An analysis linking federal bankruptcy court records to cancer registry data from nearly 232,000 adult cancer cases in western Washington during a 14-year period has found a hidden cost to survival: Insolvency rates increase along with the length of survival.
“Patients diagnosed with cancer may face significant financial stress due to income loss and out-of-pocket costs associated with their treatment,” said study leader Dr. Scott Ramsey, a health care economist in the Public Health Sciences Division and Seattle Cancer Care Alliance physician. “On average, bankruptcy rates increased fourfold within five years of diagnosis.” Ramsey presented the findings June 6 at the 2011 annual meeting of the American Society of Clinical Oncology in Chicago.
Short median time to bankruptcy
The study found that compared to the general population, bankruptcy rates were nearly twice as high among cancer patients one year after diagnosis, and that the median time to bankruptcy was two and a half years after diagnosis.
“The risk of bankruptcy for cancer patients is not well known, and previous studies have relied on individual self-reports about medically related reasons for bankruptcy filing,” Ramsey said. “By linking two irrefutable government records of cancer and bankruptcy, we are able to determine how financial insolvency risk varies by cancer type, treatment, and other factors.”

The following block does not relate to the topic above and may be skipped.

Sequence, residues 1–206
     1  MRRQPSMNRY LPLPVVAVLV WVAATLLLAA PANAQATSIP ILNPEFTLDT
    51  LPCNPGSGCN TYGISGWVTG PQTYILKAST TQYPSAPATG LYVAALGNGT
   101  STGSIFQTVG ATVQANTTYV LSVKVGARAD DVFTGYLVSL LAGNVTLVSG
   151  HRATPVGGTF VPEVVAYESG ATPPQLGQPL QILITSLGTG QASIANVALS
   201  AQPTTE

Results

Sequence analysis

For the study, Ramsey and PHS colleagues Kyle Snell, Catherine Fedorenko, and Drs. Polly Newcomb, Anne Kirchhoff, and David Blough linked Washington state cancer registry data with federal bankruptcy court records in 13 western Washington counties. They measured the rate of bankruptcy after a first cancer diagnosis and identified factors that increased bankruptcy risk among people with common cancers.
Factors affecting bankruptcy rates
They found that bankruptcy risk varies widely across cancer types. The risk is highest for lung, thyroid, and leukemia/lymphoma cancer patients. In contrast, patients over 65, who are typically on Medicare, have a much lower risk of bankruptcy than younger patients. The researchers also found that bankruptcy rates among cancer patients have increased significantly since the U.S. financial crisis.
The researchers conducted the study with University of Washington and University of Bristol colleagues, in collaboration with the U.S. Bankruptcy Court, Western District of Washington, Seattle.
The National Cancer Institute funded the research.